Short-stay placements the future for remote area dental services

June 3, 2014 by David Stacey
Short-stay placements the future for remote area dental services

One of the keys to solving extreme shortages of dental practitioners in remote Australia is proving to be short-stay (three to four weeks) placements for final-year dental students, according to a recent report into a 10-year program in WA.

The paper published in The Australian Dental Journal examined evidence gathered from a program which has integrated research, service and visiting education dental services in some of Australia's most remote communities for the past decade.

According to the authors from the International Research Collaborative - Oral Health and Equity at The University of Western Australia's Department of Anatomy, Physiology and Human Biology, the successes of the last decade include developing new solutions to reduce the dental pain and suffering for people living in remote Australia. Their models of dental services, based on developing strong community links and tied to the supervised student participation, have been found to be both cost-effective and sustainable.

Despite an increasing demand for dental care across Australia most dentists are expected to remain in the city. As trends in medicine have shown, the greatest effect will be felt in rural and remote regions, where an undersupply of dentists already exists.

The increased focus on Indigenous and rural and remote health from the very first year of dental education right through to placements in the final years has introduced new graduate dentists to where dental care was previously all but non-existent.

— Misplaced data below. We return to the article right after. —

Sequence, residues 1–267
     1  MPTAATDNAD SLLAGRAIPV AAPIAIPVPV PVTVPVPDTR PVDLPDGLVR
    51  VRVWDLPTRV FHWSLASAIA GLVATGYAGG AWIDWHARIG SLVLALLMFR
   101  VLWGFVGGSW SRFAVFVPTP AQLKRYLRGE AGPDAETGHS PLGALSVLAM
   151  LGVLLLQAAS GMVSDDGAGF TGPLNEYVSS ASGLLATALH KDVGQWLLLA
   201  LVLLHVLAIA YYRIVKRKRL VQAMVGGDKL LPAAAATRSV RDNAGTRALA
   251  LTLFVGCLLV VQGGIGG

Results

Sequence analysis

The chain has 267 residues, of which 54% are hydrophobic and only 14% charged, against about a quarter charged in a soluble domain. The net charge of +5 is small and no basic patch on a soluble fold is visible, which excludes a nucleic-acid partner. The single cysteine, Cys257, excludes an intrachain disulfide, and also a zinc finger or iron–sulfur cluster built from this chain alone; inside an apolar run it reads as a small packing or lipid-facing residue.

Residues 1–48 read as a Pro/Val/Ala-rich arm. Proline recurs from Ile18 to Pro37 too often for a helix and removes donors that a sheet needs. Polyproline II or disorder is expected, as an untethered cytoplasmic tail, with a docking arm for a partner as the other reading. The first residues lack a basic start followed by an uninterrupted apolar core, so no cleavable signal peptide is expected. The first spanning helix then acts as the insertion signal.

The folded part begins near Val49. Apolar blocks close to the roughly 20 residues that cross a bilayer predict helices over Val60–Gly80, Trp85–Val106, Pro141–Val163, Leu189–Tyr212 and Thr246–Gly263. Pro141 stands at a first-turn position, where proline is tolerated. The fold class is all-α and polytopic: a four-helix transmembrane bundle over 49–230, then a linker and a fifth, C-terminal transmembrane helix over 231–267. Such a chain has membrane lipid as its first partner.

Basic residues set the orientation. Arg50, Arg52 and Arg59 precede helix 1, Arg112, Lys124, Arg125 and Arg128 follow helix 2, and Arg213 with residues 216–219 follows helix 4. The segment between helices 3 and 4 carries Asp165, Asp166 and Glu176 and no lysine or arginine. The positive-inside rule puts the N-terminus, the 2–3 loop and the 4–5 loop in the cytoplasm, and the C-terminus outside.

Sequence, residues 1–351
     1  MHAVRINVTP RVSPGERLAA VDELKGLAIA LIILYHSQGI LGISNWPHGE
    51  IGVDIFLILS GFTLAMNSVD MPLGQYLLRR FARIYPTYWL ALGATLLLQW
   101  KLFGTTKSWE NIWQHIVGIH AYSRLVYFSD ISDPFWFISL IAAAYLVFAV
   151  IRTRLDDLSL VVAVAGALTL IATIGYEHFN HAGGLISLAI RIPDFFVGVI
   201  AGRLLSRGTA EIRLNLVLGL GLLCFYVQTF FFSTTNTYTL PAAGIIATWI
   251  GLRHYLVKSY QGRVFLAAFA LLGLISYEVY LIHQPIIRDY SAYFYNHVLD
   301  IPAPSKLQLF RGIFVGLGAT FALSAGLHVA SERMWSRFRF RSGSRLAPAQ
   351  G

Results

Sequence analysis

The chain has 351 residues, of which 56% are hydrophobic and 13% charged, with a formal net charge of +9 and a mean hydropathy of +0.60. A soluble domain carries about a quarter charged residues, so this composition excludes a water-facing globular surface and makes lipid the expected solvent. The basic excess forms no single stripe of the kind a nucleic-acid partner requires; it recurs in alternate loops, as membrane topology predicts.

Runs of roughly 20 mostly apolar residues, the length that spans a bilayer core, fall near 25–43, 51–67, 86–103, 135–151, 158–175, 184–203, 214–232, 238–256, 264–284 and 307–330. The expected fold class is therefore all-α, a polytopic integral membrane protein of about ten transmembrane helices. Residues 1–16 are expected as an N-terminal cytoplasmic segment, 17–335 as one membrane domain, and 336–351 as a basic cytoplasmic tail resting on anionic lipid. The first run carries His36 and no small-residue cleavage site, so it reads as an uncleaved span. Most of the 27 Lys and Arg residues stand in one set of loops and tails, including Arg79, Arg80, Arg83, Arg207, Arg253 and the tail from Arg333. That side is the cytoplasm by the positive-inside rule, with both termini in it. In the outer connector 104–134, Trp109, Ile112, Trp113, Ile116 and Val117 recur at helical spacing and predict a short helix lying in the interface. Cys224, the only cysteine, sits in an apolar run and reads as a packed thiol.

Previous research suggests an increased likelihood for health graduates to choose rural practice if they have a rural background, or are exposed to rural practice during their education.

Team leader and co-author UWA Winthrop Professor Marc Tennant said the model provided a launch pad for more dentists to consider remote area as a viable career opportunity.

"It is clear that it is important to provide strategies that will increase the recruitment and retention of practitioners in rural and remote areas," Professor Tennant said.

He observed that close professional mentorship and arrangements that saw dentists and students linked to the local community health service were vital to the model's success, which is now being used as the basis for developing new dental schools in Australia.

"A true highlight of the program was to provide local people with skills in disease prevention and work-skills that have contributed to new opportunities for a number of Aboriginal people across remote areas of the country," Professor Tennant said.

The team is now working to share its experiences in other States and internationally and as far afield as Vanuatu and Saudi Arabia.

Explore further: Dentists' knowledge, confidence tied to care for scleroderma patients

Related Stories

Dentists' knowledge, confidence tied to care for scleroderma patients

May 29, 2014
A survey of dentists in Massachusetts suggests that their confidence in treating patients with scleroderma may be related to their familiarity with the autoimmune disease. Dentists who reported feeling knowledgeable about ...